According to the latest FNB Property Barometer, the year-on-year inflation rate has surprisingly sped up. Find out why this is the case.
7.4% year-on-year increase
In May 2016, the FNB House Price Index recorded a 7.4% year-on-year rate of increase, which is slightly faster than the 7.0% revised rate of April. In real terms average house price inflation was a modest 0.7% year-on-year in that month, reflecting a “still-well balanced market.”
According to Loos and Swanepoel, the return to slightly positive real growth is due not only to rising average house price growth but can also be attributed to some “receding” in Consumer Price Index (CPI) inflation from 7% year-on-year in February to 6.2% by April.
While demand has not been “spectacular” since the 2008/9 Recession, supply constraints have been reported widely and building levels of new homes have remained muted, contributing greatly to the market balance explain Loos and Swanepoel.
According to the barometer, the average price of homes transacted in April was R1,075,033.
On examining the longer term real house price trends (house prices adjusted for CPI inflation) Loos and Swanepoel explain that as of April 2016, the level was +5.3% up on the October 2011 post-recession low. However, the average real house price level remains -18.2% below the all-time high reached in December 2007 at the end of the residential boom period.
Looking back further, the average real price currently remains 67.4% above the January 2001 level. As such, Loos and Swanepoel reckon current real price levels are very high. In nominal terms (when not adjusting for CPI inflation) the average house price in May 2016 was 298.8% above the January 2001 level.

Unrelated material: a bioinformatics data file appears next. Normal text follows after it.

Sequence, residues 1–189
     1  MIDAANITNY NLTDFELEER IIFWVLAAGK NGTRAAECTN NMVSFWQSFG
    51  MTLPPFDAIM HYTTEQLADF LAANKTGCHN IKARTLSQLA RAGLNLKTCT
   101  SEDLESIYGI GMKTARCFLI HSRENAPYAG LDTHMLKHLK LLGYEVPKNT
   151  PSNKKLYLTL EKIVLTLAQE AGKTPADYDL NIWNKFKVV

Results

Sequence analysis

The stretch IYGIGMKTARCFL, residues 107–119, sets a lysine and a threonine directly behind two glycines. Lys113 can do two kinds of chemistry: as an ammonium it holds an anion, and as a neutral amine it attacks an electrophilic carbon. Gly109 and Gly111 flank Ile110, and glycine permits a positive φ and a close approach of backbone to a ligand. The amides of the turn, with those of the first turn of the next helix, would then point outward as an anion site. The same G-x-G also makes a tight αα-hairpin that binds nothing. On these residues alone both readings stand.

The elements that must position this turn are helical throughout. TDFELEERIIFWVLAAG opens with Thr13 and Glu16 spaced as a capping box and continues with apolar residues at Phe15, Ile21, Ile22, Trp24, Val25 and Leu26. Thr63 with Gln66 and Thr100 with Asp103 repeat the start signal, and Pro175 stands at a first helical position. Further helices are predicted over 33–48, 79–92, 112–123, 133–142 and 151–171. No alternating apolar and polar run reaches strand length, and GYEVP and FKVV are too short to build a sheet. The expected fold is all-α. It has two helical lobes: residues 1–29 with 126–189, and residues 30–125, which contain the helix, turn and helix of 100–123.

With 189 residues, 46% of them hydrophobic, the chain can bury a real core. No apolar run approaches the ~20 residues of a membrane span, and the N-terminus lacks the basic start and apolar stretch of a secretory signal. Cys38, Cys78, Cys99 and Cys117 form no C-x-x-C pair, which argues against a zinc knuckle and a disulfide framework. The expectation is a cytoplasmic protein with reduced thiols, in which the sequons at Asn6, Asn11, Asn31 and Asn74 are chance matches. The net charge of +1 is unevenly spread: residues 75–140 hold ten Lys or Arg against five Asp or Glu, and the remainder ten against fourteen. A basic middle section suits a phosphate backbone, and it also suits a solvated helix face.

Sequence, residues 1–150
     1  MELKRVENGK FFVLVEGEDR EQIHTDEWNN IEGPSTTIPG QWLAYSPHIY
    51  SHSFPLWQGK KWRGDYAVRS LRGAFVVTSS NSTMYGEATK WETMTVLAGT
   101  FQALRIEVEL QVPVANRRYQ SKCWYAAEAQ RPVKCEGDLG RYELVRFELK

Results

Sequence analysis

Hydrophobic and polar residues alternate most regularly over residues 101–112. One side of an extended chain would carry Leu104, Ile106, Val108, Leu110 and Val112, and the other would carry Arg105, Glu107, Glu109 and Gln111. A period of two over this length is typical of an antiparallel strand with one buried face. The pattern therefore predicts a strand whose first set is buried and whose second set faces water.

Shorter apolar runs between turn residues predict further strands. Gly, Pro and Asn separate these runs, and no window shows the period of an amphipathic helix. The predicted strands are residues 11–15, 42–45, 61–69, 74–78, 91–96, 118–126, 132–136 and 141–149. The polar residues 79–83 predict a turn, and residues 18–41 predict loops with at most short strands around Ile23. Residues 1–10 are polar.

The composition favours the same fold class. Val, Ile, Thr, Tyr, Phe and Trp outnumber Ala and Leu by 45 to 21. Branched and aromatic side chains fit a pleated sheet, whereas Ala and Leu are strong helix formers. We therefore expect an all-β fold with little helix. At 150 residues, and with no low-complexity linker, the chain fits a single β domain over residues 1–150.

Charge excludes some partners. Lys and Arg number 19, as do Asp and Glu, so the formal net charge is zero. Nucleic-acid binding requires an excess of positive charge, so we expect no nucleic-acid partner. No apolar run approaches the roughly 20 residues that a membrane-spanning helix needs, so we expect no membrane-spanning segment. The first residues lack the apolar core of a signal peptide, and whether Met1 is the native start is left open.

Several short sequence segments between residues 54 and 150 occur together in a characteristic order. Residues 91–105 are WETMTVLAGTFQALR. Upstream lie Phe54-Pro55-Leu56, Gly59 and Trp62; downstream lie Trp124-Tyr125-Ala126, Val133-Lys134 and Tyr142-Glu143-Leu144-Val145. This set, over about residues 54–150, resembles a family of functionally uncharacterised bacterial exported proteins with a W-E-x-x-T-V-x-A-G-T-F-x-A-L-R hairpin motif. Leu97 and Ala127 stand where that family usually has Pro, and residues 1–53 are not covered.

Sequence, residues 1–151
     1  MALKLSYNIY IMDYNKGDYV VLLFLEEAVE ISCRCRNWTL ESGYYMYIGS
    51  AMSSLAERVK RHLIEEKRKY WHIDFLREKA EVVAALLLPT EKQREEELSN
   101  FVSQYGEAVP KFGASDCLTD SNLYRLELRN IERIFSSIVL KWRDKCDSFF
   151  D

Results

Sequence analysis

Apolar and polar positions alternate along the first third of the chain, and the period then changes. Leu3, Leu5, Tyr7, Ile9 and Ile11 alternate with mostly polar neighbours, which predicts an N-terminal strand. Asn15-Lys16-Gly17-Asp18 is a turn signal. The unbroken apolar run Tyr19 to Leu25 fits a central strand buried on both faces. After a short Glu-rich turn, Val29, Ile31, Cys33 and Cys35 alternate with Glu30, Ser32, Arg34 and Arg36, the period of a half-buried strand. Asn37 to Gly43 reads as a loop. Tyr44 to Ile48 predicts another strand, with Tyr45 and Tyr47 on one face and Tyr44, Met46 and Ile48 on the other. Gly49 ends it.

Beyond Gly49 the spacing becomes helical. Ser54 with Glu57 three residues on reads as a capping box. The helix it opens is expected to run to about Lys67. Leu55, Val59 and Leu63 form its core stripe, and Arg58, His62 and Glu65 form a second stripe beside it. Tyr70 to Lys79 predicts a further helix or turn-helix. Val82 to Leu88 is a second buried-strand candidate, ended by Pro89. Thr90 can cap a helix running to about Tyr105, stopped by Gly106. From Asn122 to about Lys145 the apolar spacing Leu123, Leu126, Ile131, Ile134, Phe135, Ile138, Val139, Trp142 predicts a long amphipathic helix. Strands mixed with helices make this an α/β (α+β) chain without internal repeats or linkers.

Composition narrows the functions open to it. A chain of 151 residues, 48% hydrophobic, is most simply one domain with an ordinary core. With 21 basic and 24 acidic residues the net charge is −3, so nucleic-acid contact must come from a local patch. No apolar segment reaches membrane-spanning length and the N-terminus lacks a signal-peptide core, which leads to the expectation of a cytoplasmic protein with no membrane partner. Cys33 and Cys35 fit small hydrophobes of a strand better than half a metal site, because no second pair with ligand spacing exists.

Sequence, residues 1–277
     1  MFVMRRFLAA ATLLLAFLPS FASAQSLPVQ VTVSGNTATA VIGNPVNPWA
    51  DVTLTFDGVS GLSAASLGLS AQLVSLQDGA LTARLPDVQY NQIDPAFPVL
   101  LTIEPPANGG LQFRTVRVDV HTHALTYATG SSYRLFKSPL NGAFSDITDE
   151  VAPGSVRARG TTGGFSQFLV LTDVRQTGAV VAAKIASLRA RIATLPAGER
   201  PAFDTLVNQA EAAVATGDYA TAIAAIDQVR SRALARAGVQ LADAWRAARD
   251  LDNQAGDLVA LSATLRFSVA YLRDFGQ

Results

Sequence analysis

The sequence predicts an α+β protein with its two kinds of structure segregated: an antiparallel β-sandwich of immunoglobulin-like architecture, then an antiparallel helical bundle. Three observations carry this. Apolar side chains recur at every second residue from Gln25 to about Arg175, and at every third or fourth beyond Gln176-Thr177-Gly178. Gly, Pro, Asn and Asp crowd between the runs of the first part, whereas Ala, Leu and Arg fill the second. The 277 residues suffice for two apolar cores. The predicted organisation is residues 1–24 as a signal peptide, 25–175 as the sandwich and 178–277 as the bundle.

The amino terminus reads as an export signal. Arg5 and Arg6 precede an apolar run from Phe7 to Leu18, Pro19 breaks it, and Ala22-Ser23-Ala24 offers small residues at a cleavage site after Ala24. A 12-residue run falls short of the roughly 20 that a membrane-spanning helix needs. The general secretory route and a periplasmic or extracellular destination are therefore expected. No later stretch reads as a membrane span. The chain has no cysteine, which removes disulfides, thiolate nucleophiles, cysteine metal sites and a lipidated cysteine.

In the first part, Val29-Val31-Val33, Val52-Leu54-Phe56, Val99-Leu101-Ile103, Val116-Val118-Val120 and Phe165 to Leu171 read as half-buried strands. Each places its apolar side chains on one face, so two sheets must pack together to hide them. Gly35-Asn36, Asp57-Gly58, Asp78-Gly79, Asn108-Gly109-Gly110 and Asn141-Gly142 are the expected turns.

Reasons for the growth
Loos and Swanepoel believe there are several key drivers behind the recent acceleration in average house price growth which is all the more notable given the fact that interest rates have been rising.
Firstly, they believe it is possible that some of the acceleration can be attributed to the lagged impact of a higher general inflation environment which has set in in South Africa of late.
Secondly, Loos and Swanepoel believe the acceleration may also be due to a slightly better economic environment which manifested during the second quarter of 2016. Statistics linked to the Manufacturing Purchasing Managers Index (PMI) – “one of the key up to date indicators of short term economic movements” – lends credence to this premise.
Thirdly, Loos and Swanepoel are of the opinion that a key contributor propping up the National House Price Index growth rate is the strong recent performance of the Western Cape region’s housing market.
“A lot of positive sentiment exists in this region, the country’s second largest economic and residential property region after Gauteng Province [which] along with a significant land constraint has boosted the province’s house price growth into double-digits,” notes Loos and Swanepoel.
The FNB Western Cape House Price Index recorded 12% year-on-year growth during the first quarter. By comparison, the other major regions were significantly slower. Eastern Cape Province recorded 7.6% year-on-year house price inflation in the first quarter, KZN 5.6%, Gauteng, the country’s largest region, rose 3%, and the smaller provinces a mere 1.7%. To quote Loos and Swanepoel, it would, therefore, appear to be very much a Western Cape story in recent times.